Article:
As part of your ecotourism experience, Gorilla tracking is a very captivating activity; it involves walking in the wilderness in search of these great apes.
Most parts of Uganda have remained unchanged for over a period of a century. The instabilities of the early eighties resulted into stunted growth of all industries especially tourism which is super-sensitive when it comes to developing tourism. However the situation has been changed in the last 15 years. Local and international funding is picking up.
Government is slowly but surely reversing the damage inflicted on the wildlife population by re-establishing control and management. Much has been progress has been registered in the development of infrastructure and security in the National Parks. New non-traditional attractions such as sport fishing, Mountain Gorilla tracking, ecotourism, whitewater rafting, kayaking, Bungy jumping and quad-bike safaris. The above have put Uganda back on the tourist circuit.
Ecotourism: An experience to remember At Bwindi Impenetrable National Park
Located in southwest Uganda, part of the last remaining natural stand of forest in East Africa. The renowned Bwindi Forest supports a large number of flora, fauna endemic in this region; the major being half of the worlds population of Mountain Gorillas. Close up to 450 mountain gorillas in number live in the impenetrable forest. These great apes live in groups. The mountain gorilla population is split between Rwanda, Uganda and the Democratic Republic of Congo (DRC). Their habitat is being encroached by farming and increased human population. These great apes are not called mountain gorillas for nothing; they live high in the slopes of the gorillas. The rugged terrain makes hiking/tracking in search of the gorillas strenuous work. The hilly uphill experience is worth every drop of sweat and dollar when you finally track them down.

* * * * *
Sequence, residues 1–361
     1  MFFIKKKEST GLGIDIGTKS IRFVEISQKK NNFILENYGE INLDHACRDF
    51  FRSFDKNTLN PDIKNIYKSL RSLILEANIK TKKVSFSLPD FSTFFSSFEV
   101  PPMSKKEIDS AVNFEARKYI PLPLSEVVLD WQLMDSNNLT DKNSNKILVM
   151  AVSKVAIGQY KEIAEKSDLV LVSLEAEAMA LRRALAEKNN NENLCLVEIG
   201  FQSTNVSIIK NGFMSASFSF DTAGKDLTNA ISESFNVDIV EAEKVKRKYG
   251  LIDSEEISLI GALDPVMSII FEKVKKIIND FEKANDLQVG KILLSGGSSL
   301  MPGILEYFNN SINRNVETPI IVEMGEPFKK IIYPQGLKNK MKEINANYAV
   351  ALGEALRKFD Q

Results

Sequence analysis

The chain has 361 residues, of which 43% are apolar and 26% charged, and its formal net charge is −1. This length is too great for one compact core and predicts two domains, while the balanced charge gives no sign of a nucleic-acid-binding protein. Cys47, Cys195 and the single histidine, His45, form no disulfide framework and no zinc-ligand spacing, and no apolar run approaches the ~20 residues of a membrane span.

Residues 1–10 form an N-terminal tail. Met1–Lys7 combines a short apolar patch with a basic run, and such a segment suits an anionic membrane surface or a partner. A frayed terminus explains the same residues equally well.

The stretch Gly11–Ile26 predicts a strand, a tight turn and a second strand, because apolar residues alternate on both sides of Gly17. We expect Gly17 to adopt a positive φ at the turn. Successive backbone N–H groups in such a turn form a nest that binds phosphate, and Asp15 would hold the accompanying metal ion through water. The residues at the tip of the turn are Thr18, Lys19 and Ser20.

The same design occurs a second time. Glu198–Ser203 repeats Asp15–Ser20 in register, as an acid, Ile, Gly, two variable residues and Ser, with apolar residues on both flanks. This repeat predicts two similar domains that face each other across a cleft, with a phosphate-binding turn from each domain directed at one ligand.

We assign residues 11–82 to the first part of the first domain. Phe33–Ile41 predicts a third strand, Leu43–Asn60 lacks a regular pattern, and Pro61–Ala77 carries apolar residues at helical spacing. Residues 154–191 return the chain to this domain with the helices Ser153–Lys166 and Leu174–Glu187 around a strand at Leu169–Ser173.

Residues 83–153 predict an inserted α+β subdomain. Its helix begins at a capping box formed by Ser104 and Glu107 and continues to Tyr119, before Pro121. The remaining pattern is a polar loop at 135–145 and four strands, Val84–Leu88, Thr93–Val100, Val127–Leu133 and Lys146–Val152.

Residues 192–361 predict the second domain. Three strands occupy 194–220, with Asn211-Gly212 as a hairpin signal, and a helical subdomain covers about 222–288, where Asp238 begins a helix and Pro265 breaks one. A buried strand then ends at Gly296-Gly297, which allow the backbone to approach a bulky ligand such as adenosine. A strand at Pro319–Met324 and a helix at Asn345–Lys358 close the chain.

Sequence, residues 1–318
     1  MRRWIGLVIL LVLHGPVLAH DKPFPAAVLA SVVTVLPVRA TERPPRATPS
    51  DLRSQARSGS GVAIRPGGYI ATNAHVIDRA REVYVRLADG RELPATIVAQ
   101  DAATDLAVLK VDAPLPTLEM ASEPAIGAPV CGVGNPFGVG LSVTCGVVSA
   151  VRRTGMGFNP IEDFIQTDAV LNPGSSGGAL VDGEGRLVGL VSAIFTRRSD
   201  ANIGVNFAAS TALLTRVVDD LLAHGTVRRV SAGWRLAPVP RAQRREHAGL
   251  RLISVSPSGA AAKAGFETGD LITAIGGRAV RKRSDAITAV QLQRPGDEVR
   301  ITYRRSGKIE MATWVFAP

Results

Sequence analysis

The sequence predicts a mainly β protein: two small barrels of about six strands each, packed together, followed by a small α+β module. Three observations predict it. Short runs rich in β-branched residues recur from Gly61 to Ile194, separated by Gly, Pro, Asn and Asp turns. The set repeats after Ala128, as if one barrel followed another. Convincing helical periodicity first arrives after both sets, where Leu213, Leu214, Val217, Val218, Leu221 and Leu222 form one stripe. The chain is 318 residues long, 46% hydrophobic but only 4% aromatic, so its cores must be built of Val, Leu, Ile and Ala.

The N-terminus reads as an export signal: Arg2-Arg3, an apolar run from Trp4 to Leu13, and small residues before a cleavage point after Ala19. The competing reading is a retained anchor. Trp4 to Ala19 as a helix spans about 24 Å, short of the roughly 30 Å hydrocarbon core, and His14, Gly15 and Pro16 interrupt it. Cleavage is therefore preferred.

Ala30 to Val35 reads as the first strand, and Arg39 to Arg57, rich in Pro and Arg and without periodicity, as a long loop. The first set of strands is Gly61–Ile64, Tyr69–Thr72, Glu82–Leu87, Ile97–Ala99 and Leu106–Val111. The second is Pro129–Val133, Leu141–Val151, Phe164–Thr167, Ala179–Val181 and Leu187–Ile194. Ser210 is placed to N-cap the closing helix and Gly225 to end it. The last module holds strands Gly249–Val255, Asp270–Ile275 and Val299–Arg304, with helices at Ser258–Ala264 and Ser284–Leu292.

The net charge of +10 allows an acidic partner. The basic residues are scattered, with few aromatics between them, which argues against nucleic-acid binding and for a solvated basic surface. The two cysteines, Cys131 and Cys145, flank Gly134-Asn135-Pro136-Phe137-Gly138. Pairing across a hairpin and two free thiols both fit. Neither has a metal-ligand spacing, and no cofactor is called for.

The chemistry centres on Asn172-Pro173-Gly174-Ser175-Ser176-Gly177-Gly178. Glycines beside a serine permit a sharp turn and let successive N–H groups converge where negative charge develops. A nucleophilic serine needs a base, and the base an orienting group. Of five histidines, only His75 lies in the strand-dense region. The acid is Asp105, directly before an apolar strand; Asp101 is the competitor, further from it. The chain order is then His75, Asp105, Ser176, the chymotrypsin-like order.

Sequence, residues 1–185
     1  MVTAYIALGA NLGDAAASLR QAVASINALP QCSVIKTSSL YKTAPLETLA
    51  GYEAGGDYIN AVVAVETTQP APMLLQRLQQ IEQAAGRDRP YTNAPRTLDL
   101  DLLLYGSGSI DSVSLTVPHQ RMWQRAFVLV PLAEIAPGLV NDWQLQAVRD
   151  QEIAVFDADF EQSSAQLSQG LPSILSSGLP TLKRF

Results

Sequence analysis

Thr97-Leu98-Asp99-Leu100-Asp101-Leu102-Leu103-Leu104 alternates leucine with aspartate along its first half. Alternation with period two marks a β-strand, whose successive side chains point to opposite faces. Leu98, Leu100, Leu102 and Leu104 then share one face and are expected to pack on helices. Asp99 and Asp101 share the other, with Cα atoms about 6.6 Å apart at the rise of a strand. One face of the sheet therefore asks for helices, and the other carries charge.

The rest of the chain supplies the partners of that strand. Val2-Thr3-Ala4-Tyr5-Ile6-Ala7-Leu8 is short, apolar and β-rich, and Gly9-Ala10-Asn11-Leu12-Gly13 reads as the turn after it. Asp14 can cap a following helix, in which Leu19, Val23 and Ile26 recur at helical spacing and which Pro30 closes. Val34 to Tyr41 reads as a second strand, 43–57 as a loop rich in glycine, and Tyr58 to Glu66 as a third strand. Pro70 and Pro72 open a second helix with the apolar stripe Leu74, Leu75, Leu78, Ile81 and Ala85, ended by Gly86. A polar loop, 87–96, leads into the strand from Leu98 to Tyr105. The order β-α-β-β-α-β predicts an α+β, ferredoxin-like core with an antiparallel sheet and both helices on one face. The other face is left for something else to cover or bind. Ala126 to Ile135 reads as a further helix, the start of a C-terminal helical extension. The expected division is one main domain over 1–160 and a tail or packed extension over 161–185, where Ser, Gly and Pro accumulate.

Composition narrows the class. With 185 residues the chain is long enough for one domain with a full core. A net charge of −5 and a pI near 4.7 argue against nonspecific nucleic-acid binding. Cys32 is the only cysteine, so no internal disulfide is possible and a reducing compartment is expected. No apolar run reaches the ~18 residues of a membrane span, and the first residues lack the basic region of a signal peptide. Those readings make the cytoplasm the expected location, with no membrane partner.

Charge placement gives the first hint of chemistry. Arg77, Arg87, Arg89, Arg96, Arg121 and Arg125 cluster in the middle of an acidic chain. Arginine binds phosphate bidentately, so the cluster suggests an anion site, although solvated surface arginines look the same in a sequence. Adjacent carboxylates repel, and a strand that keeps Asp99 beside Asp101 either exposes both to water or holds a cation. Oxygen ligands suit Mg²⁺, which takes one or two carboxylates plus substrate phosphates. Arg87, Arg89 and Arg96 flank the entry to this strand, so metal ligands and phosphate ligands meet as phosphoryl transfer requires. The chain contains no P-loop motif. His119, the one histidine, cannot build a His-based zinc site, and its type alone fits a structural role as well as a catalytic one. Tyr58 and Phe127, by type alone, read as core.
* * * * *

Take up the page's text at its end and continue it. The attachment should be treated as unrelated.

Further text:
Within Bwindi, there are 18 habituated gorilla families that can be visited by tourists. Groups of eight visitors are allowed to visit a habituated gorilla family per day and visitors are allowed to stay with the gorillas for only one hour. How time flies by! Keep eight to five meters distance as per the gorilla watching rules. However the gorillas do have their rules! They might come inquisitive especially the juveniles and may break the rule.
A good camera is handy here, but please no flash photography or you might upset the party! Remember you are not in the zoo, you are the intruder! Looking for tale-tale signs like broken twigs, pressed-down grass, dung around gorilla nests, the guides/trackers follow in their wake until you catch up with the family. While you are tracking the mountain gorillas, there are plenty to see in the Bwindi Forest, Chimpanzees, 346 species of birds, 202 species of butterflies, and 163 species of trees packed into one of the richest ecosystems in Africa.
Is Gorilla Tourism Sustainable?
It was decided to limit the number of people allowed to track these vulnerable primates so that to safeguard the habitat from human activities that can be disastrous. These rules are a balancing act between the short term benefits and the long term benefits and the long term protection of the gorillas. If the visitors are not regulated and large groups are allowed, there could be an increased risk of degradation and contamination of the environment in which the gorillas live.
Unrestricted tracking can lead to spread of disease from humans to the gorillas and vice versa. Remember most of the communicable diseases that humans catch, can spread to the mountain gorillas.
Gorilla tracking is a worthwhile adventure, as part of the proceeds goes into the work of ensuring that the gorillas survive for posterity to enjoy. Many projects concerning ecotourism in Uganda have sprung up around this ecosystem to sensitize the communities about the importance conservation measures concerning the gorillas and other endangered wildlife.
The remnant of the once huge rain forest which covered a large area of Africa in eons past; Bwindi Forest straddles the precipitous ridges of the Rift Valley. It is home to almost half of the remnant population of the mountain gorillas left in the whole world. Mountain forests are the last places to be encroached by the cultivating humans, consequently, the gorillas are constantly pressured into the mountains, and it is not their choice.
Unfortunately Bwindi also lies in one of the densely populated areas in Africa. Finally the forests upon the mountains have become a sanctuary of diverse species of fauna and flora. As its name implies, Bwindi Impenetrable Forest is not easily accessible, with thick undergrowth, giant buttressed trees entangled in hand-thick lianas, Gorillas find it a perfect haven as well as birds which are present all the year round.